As long as the island load is not allowed to exceed the rating of the generator's prime mover it should be able to respond to any change in load and still maintain rated frequency. That is, the prime mover's control system (the governor) should be able to respond to any change in load up the rating of the prime mover and still be able to maintain frequency.

The generator produces power at a frequency that is proportional to the speed at which it's rotor is being turned by the prime mover (the turbine or reciprocating engine). When operating a small island of isolated load, the amount of load must be less than the rated power of the prime mover driving the synchronous generator, or else the frequency will not remain at rated value.

It's not the generator which controlling frequency or the amount of load, but it's the control system (the governor) of the generator's prime mover which is controlling the frequency (when operating in Isochronous Speed Control mode) or the load (when operating in Droop Speed Control mode in parallel with other generators and their prime movers). A generator is just a device for converting torque (from a prime mover) into amperes. Those amperes can then be transmitted over wires to motors which convert the amperes into torque. (Lighting is a way to convert amperes into heat, heat so hot that it produces light.) So, the load of a generator is proportional to the amount of torque being produced by it's prime mover. And that torque is a function of the energy which flowing into the prime mover (usually fuel or steam or water or wind).

2.3.5 DROOP SPEED CONTROL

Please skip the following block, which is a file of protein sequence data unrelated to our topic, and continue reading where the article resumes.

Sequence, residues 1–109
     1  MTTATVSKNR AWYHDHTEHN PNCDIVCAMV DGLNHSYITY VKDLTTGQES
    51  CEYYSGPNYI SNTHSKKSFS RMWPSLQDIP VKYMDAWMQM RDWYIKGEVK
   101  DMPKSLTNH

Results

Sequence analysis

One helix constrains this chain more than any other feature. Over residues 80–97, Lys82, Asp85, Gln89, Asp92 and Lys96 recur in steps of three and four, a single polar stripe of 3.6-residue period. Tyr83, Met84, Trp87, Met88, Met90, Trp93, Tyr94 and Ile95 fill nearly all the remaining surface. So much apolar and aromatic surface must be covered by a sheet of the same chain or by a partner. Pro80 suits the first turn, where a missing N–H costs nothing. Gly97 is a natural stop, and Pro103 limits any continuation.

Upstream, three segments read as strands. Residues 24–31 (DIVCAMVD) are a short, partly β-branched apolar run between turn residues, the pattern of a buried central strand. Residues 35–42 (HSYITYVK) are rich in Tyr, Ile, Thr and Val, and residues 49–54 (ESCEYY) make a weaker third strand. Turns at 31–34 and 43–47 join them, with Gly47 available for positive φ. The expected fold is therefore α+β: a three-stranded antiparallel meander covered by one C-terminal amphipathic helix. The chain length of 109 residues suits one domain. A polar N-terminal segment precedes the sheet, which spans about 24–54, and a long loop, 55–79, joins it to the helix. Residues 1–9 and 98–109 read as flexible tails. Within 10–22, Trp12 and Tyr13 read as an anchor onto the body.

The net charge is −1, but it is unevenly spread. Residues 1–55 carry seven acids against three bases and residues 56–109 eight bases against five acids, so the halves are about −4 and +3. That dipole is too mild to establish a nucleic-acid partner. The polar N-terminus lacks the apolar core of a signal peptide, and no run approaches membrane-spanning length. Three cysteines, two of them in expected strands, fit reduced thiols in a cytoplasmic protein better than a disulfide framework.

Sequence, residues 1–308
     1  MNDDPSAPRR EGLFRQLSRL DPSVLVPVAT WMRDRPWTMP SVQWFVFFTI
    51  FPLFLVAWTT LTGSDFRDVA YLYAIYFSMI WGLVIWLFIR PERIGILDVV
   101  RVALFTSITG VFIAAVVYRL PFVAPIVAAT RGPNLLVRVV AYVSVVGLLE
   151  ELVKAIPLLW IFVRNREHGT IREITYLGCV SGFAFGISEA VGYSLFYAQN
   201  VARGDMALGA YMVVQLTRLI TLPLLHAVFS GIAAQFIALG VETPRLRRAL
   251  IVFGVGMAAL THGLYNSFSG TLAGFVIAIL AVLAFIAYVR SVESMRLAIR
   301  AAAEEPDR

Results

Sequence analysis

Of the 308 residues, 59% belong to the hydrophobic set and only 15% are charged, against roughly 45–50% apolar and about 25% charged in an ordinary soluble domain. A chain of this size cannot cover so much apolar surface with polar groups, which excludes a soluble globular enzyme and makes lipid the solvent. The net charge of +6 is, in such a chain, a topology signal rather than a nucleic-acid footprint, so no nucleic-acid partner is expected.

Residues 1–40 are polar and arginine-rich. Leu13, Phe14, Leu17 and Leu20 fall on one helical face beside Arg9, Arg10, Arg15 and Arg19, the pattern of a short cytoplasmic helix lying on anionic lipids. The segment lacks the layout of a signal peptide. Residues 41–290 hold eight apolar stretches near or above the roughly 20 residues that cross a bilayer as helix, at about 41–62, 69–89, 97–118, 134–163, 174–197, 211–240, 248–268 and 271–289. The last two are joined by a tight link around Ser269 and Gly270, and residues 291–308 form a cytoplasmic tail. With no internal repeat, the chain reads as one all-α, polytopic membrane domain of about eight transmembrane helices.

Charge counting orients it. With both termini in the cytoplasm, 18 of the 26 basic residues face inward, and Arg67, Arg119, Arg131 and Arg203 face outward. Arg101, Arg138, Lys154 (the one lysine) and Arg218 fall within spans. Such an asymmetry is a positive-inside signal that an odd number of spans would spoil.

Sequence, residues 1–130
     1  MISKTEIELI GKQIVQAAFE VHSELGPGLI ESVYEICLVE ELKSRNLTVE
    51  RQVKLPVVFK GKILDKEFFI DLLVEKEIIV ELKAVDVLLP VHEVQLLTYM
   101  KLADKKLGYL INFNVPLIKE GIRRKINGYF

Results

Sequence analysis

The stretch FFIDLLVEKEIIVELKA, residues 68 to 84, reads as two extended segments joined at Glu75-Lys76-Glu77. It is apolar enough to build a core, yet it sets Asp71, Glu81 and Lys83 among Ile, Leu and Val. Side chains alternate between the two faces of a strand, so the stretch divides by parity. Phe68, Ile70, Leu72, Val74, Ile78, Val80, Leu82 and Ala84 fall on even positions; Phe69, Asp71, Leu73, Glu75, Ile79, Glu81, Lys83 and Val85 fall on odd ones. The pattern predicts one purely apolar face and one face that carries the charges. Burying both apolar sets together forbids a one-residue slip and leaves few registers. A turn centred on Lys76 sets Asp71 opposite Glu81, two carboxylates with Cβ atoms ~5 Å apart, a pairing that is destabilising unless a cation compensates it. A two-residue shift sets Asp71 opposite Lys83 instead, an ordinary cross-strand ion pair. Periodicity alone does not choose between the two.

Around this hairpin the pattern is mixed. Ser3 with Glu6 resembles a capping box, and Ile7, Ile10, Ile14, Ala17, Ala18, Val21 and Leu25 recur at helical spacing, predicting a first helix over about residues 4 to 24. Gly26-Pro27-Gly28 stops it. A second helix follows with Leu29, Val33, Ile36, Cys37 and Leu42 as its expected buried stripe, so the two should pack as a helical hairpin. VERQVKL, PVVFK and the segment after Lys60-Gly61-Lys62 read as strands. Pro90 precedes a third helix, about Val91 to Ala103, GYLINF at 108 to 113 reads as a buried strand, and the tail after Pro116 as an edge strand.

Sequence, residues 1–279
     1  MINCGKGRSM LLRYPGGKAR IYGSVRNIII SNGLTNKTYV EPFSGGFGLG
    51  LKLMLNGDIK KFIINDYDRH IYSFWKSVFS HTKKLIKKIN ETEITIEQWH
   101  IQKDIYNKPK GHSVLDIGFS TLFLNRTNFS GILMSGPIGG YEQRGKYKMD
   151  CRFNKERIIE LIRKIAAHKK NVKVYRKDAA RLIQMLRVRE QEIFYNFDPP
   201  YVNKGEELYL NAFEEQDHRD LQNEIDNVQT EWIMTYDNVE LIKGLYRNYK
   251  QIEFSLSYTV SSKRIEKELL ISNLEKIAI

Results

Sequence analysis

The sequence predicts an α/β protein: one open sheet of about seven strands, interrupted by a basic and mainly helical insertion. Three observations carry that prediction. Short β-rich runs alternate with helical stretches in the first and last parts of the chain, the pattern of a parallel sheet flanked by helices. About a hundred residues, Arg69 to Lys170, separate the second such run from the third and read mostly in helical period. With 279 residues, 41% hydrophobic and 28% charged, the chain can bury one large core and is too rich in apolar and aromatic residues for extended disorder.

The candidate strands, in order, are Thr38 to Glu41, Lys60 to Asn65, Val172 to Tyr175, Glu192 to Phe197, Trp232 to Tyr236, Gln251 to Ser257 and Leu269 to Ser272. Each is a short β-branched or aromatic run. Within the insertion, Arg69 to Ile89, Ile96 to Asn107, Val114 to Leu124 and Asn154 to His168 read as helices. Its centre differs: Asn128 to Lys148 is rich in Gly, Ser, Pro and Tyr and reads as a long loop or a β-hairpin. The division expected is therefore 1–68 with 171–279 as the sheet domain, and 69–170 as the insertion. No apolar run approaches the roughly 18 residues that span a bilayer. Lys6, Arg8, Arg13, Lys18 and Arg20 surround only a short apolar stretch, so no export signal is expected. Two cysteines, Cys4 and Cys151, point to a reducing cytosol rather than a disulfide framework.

The speed of the synchronous generator is a function of frequency or generator speed. Because of its name synchronous generator indicate that no generator can go faster or slower than the speed that is dictated by the frequency. All are in synchronism to maintaining grid stability. In other word, they are all connected together and their rotors are locked into synchronism with each other (magnetically), the prime movers which are mechanically tied to the generators can not change their speed either. Synchronous generator is connected to a grid with other generators which driven by their prime mover respectively. In the large interconnected grid, the frequency of the generator is controlled by the frequency of the grid, the frequency must be constant and in synchronism with the other generator. Therefore, the speed of the prime mover is in a function of the frequency indicating that the prime mover is inject constantly, hence the speed of the prime mover is fixed as well. In the grid, all synchronous generators must be run at the same speed. Not one of them runs at faster or slower than other generator. If the synchronous generators run at 50.0001Hz, all generators must be run at same speed. To make the prime mover (which is providing the torque input that the generator is converting to amps that is being converted to torque by motors which are also connected to the grid) stably control its power output while connected in parallel with the other generators and prime movers on the grid, the control system employ straight proportional control also known as droop control or droop speed control. The generator is sharing load during controlling stably power output when connected to a grid in parallel with the other generators. Droop speed control will consider both the prime movers speed reference and actual speed which is in the function of the grid frequency. The power output is directly proportional to the speed reference, hence to increase the power output, the speed references is increased. The speed actually can not change the increased error between reference and actual speed is converted to increase fuel flow which lead to increased fuel flow. Therefore, the speed will increase due to extra torque as well. The generators convert that extra torque to the extra current. This operation is done very smoothly and all the prime movers and their generators behave nicely and work together to provide the load. If the load on the generator is to be increased, then the turbine speed reference is increase again, the error between the actual speed and the speed reference increases again, which increases the fuel flow directly increases the torque and the amps. Droop speed control is directly proportional control in the strictest, purest sense of the word. There is no integral action or reset to increase the fuel to make the actual speed be equal to the reference speed. The actual speed can not achieve reference speed because it is physically not possible. Therefore, droop speed control take this disadvantages to stably control fuel in proportion error. The error can occur either one of two reasons which is a change in the speed reference or a change in actual speed. When the grid frequency or the generator speed change, the control system automatically responds to the change because the error changes and adjusts the fuel to try to compensate for the change in actual speed relative to the speed reference. The errors between speed reference and actual speed for all generators within large infinite grid are fairly constant. When the frequency change, the error also change because the frequency is proportional to the generator speed hence it will change error of speed as well. If the frequency in the grid decreases, then the error increases this will lead increases in fuel of all the machines because they are all connected together to the grid. Each prime movers governor will respond to a change of frequency as a function of the amount of droop that the control system has been programmed. A 1% change in the frequency of the machine with 5% droop will result a 20% change in load, nominally, supposing the machine was running at 80% of load or less to begin with. A unit with 4% droop will respond with a 25% change in load, nominally, again presuming the machine was running at 75% or less than rated load to begin with. the prime mover can not increase its output power further if the machine is operate at rated power output on droop speed control whenever the frequency is decrease. The prime movers always operating at rated power output when interconnected in the grid system. Even though they are in droop speed control mode they can not add additional load by increasing their power output when the grid frequency decreases. Whenever a machine which is to have 5% droop speed control will normally reach rated output when the speed reference reaches approximately 105% of rated speed. A machine with 4% droop will reach its rated power when the speed reference is 104%. The power produced by the generator heavy duty gas turbine operating on most fuels is generally directly proportional to the fuel flow rate. The rate of fuel injected is directly proportional to the fuel stroke reference (FSR), which is a reference for the opening of the fuel control valve and/or the fuel flow rate through the control valve. The purpose of droop speed control primarily is to allow a prime mover and its generator to smoothly and stably share in supplying the load of a grid while operating in parallel with other prime movers and their generators. The secondary purpose of droop speed control is to help to maintain grid frequency when it varies from desired. When the grid frequency decreases because of the power imbalance (generally the amount of load is greater than generation), hence droop speed control increases the output to try to help support the local load at particular time. The amount of generation must be balance with the amount of the load.